Earlier this month, Missouri abruptly lost a long-time Gary Pinkel assistant. Less than two weeks later, they’ve apparently filled that coaching void… at the expense of another Power Five football program, as it turns out.
While nothing is official, multiple media outlets reported earlier this week that Mizzou is set to hire A.J. Ricker as Pinkel’s new offensive line coach. Ricker would replace Bruce Walker, who it was announced had decided to retire from coaching at the age of 53 one month before the start of summer camp.
The St. Louis Post-Dispatch‘s Dave Matter wrote Wednesday that “Missouri is not expected to formally announce Ricker’s hiring for a few days, maybe not until next week.” While neither school has sent out a release confirming the arrival/departure, Illinois head coach Tim Beckman did acknowledge that he now has an opening to fill on his Illini staff.
“He’s going to accept the opportunity to go to his alma mater,” Beckman told the Champaign News-Gazette. “We build a program and we talk about family, and he has an opportunity to go back to his family.”
Tigers fans will certainly recognize the name behind the hire when it’s officially announced.
From 2000-03, Ricker started 47 games at center for Mizzou. He served as the offensive line coach at Western Michigan in 2008 and then again from 2011-12. He spent his one and only season at Illinois in 2013.
(Photo credit: Illinois athletics)
Turns out Steve Spurrier isn’t the only iconic college football figure to retire this week.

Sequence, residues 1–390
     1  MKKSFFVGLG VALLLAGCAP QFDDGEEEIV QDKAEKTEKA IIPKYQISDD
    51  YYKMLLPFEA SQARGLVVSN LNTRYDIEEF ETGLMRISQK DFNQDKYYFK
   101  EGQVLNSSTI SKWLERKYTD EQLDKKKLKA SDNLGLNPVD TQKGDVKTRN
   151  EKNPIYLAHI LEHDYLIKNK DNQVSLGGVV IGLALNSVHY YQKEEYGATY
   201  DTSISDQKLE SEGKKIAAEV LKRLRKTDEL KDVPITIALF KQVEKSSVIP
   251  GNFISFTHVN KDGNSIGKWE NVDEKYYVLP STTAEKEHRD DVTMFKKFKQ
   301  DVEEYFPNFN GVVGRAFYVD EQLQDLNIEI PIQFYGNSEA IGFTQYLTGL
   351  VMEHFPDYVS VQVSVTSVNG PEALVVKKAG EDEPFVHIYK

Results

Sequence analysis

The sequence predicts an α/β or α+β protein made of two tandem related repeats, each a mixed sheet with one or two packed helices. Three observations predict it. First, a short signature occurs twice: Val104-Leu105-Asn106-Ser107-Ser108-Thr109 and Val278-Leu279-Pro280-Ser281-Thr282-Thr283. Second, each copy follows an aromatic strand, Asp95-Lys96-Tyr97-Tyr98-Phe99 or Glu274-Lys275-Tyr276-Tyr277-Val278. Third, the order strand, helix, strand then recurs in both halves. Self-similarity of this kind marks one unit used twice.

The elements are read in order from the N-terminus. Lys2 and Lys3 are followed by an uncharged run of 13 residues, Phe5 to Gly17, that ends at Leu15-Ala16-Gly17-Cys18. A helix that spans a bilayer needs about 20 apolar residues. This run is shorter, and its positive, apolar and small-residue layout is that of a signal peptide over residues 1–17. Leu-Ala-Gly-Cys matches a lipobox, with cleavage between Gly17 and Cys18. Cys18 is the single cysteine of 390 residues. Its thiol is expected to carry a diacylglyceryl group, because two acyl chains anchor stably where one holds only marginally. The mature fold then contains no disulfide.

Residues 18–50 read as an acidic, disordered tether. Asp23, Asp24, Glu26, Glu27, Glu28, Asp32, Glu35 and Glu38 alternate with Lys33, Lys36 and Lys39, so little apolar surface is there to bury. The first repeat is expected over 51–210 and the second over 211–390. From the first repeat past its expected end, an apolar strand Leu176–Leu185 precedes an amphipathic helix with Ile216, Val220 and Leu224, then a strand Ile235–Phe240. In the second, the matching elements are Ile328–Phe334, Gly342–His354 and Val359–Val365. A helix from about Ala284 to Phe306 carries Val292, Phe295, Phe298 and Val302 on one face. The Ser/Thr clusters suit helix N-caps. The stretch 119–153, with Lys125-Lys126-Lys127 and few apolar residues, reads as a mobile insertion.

Texas announced Tuesday evening Bevo XIV has been diagnosed with bovine leukemia and has been retired to his pasture, effective immediately.
Bevo XIV missed Saturday’s stunning upset of then-No. 10 Oklahoma with what the school called a “life threatening” illness, and rumors circulated around the internet this week he had passed away.
Bevo XIV officially hangs up his horns with a 106-41 record with two national championship appearances.
There is no word at press time on a possible debut of Bevo XV.
Urban Dictionary defines “Clemsoning” as “the act of an inexplicably disappointing performance, usually within the context of a college football season.”
Clemson head coach Dabo Swinney was asked about the phenomenon following the Tigers’ destruction of Georgia Tech Saturday and promptly went off. The question, asked by ESPN’s David Hale, was in reference to Swinney’s program shaking the label – Saturday marked Clemson’s 34th straight win over an unranked opponent – but Swinney didn’t see it that way.
Armed with some new facts (Clemson SID Tim Bourret noted 50 teams have fallen as ranked opponents to unranked foes since the Tigers last did so on Nov. 19, 2011), Swinney again targeted the “Clemsoning” label.
“I think it’s an agenda. It’s just bias,” Swinney told the Charleston (S.C.) Post & Courier Tuesday. “People are uneducated. They’re just ignorant and lazy because they’re not looking at the facts. If they did, they’d be focused on other schools and not Clemson. They’d be dialed in on what Clemson has done. There aren’t three other schools in the country as consistent as Clemson, in all aspects.”
I hate to break it to you, Dabo: you are absolutely correct, but the term, as they say, has been coined.
Just go beat Florida State, beat South Carolina, win the ACC and win a national title and maybe Urban Dictionary will delete that pesky page out of a sign of respect.
Also, No. 5 Clemson hosts unranked Boston College on Saturday. This would be a very, very unfortunate time for the Tigers to suffer an upset.